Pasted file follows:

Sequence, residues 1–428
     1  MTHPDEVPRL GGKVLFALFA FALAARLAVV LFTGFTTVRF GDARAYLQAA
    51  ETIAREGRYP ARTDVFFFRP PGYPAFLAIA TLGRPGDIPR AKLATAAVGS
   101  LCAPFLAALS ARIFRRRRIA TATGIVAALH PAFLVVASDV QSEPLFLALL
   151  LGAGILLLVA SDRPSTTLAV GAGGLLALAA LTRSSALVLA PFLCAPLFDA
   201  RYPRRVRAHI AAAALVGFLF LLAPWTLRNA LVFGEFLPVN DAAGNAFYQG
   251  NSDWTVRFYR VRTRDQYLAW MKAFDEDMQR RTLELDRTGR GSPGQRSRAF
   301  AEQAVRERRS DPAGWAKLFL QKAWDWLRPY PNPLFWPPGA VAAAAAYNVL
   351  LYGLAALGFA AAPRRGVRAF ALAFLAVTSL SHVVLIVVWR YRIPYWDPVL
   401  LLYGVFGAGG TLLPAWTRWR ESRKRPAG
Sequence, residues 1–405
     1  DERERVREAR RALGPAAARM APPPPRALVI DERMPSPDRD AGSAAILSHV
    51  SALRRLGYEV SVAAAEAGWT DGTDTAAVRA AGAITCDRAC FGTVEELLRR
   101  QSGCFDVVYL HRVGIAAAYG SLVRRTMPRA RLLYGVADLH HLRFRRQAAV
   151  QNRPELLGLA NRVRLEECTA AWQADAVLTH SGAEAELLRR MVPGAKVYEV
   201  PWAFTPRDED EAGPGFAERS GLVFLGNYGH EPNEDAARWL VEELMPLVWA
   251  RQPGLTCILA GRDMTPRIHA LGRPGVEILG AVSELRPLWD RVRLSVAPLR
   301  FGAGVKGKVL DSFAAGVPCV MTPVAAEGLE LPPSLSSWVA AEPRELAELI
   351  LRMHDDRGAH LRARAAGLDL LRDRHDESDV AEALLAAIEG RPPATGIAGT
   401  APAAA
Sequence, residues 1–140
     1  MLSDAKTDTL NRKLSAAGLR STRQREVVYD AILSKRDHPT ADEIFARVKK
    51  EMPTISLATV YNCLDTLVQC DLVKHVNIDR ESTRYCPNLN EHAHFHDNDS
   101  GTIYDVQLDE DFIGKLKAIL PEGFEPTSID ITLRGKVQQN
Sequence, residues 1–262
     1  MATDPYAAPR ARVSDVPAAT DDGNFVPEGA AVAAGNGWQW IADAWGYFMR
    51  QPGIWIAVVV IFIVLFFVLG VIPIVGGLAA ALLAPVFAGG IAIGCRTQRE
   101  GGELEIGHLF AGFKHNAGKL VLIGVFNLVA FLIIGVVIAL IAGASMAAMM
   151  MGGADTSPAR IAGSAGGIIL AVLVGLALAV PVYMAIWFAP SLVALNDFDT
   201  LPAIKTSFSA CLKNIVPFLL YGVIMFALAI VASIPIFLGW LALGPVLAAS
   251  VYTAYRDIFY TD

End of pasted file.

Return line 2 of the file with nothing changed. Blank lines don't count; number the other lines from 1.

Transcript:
     1  MTHPDEVPRL GGKVLFALFA FALAARLAVV LFTGFTTVRF GDARAYLQAA